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Thailand's Thaksin Supporters Accuse Opponents Employing 'Dirty Tricks'


Supporters of ousted Thai leader Thaksin Shinawatra accuse the opposition of using dirty tricks to bar them from forming a new government, following their victory in last month's general elections. The elections were supposed to return the kingdom to democratic rule following a military coup the year before. VOA's Luis Ramirez reports from Bangkok.

Thailand's elections in December were essentially a contest between those who want to bring back the ousted and exiled former prime minister, Thaksin Shinawatra and those - including the military, who want to keep Mr. Thaksin out of Thai politics out for good.

Mr. Thaksin's Thai Rak Thai party was disbanded after the September 2006 coup that drove him from office, but his supporters re-grouped under the new People Power Party. The PPP last month came slightly short of winning a majority of seats in parliament, meaning it has to form a coalition if it hopes to govern.

Last week, the party said it had reached an agreement with two smaller parties to form a coalition. But that effort appeared to be thwarted when the authorities put 65 of the PPP's candidates under investigation for alleged election fraud.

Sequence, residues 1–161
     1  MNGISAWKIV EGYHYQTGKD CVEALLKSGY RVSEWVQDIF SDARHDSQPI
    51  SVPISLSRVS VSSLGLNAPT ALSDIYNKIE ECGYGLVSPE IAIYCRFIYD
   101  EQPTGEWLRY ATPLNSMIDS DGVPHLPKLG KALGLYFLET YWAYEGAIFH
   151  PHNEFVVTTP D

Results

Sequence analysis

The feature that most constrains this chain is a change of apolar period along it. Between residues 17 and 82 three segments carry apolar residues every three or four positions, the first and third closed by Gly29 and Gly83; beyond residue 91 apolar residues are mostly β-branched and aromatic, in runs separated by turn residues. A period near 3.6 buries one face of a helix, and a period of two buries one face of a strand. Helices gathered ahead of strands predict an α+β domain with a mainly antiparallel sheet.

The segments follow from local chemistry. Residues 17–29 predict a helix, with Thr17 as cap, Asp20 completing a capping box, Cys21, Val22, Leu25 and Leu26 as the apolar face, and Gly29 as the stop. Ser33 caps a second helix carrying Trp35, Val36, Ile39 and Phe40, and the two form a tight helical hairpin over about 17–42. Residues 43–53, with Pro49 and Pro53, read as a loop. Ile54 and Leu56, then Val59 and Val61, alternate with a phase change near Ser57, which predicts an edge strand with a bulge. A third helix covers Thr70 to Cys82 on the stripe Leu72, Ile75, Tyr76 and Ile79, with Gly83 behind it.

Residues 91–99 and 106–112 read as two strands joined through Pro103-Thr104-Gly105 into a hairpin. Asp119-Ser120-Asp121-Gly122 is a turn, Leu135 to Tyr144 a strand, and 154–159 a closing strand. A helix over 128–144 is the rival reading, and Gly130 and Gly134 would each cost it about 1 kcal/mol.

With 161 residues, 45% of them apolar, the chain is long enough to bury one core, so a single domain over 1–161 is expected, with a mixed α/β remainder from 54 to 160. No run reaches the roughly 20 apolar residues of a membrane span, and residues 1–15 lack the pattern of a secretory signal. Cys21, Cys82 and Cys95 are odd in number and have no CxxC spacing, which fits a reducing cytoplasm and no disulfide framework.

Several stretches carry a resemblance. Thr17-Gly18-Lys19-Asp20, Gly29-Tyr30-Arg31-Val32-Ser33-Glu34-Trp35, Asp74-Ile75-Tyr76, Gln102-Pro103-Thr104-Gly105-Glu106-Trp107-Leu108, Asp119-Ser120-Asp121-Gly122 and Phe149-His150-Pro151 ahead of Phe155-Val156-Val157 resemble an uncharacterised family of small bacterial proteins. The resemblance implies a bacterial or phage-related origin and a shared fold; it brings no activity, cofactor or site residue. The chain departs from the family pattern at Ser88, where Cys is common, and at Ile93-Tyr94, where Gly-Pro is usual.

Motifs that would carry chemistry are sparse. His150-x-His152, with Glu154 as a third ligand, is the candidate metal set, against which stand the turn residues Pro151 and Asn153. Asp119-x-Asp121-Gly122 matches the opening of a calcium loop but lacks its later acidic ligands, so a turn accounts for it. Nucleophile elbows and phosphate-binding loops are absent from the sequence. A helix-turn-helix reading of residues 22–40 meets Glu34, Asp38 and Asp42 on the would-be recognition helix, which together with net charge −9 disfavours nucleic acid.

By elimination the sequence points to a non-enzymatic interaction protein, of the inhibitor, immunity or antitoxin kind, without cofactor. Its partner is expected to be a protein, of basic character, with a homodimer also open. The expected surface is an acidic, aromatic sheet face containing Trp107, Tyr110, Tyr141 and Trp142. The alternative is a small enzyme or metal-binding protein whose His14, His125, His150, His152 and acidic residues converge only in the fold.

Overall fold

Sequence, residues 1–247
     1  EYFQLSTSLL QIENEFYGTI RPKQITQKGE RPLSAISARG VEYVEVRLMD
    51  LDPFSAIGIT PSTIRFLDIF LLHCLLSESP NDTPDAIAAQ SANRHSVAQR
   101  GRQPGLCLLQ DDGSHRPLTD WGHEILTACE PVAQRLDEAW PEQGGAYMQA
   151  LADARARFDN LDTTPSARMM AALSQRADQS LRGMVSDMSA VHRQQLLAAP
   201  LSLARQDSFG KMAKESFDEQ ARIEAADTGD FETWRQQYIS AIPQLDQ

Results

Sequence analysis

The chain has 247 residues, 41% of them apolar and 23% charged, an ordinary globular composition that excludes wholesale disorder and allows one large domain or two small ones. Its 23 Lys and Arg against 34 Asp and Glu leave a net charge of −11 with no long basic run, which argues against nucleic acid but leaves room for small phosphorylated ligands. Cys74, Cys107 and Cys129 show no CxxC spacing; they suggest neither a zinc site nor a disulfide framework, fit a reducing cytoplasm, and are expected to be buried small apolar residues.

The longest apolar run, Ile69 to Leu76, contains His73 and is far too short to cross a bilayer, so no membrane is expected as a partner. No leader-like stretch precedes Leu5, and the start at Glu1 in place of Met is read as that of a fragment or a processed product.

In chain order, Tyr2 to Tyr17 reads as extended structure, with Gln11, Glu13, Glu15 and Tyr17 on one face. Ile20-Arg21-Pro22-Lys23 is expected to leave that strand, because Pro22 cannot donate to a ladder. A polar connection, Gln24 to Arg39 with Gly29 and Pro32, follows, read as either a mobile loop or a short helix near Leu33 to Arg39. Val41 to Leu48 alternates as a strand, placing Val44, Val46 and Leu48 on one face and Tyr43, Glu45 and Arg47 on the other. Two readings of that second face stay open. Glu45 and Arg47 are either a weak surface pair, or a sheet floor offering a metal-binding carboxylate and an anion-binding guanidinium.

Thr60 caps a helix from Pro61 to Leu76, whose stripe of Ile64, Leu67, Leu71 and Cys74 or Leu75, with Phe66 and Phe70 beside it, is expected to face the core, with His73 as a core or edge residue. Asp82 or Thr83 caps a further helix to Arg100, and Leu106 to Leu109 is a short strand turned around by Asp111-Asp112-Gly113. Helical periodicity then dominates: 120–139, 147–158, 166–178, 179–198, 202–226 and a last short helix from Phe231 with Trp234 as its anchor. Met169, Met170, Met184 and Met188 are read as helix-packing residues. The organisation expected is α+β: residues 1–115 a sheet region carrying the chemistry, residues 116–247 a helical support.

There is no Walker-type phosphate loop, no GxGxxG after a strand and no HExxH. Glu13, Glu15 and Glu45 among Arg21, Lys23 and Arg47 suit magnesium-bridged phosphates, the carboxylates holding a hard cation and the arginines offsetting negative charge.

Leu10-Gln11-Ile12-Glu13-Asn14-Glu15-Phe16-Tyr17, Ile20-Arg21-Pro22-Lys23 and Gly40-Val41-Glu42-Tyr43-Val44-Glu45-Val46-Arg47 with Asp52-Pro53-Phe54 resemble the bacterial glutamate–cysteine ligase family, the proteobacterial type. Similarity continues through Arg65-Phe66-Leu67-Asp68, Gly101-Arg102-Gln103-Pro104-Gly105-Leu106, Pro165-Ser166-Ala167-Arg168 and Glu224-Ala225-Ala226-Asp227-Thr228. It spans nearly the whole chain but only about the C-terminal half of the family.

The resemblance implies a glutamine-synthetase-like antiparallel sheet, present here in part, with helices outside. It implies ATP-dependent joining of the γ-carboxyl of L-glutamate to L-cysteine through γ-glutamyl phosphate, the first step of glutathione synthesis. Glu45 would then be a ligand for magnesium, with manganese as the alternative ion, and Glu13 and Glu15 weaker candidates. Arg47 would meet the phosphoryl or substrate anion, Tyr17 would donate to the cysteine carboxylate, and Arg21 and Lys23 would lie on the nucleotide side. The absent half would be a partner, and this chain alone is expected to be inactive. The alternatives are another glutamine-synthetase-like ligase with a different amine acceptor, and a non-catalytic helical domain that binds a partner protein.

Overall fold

The Election Commission rejects allegations that it is discriminating against supporters of Mr. Thaksin, who is currently abroad.

PPP officials say the investigation amounts to a dirty trick by Thaksin opponents. PPP spokesman Kuthep Saikrachang says the party is launching a media campaign to stop the anti-Thaksin camp's efforts to erode his party's victory.

"We have to come out on the air and inform the public that there is a hand like that trying to get involved in Thai politics now. We would like to make it clear that we cannot accept that kind of dirty tactics any more," said Kuthep.

Three PPP candidates have already been disqualified. Mr. Kuthep says party leaders are confident that the others will be able to prove they did nothing wrong and will be allowed to take their seats in parliament. He urged the opposition not to interfere.

"The game is over now. We had elections and people have given us the mandate. So, the scenario of dirty tactics should be ended," he added.

The PPP is coming up against a January 23 deadline to form a government. Analysts say there are concerns that the impasse could lead to clashes between Thaksin supporters and those who are determined to keep him out of Thai politics forever.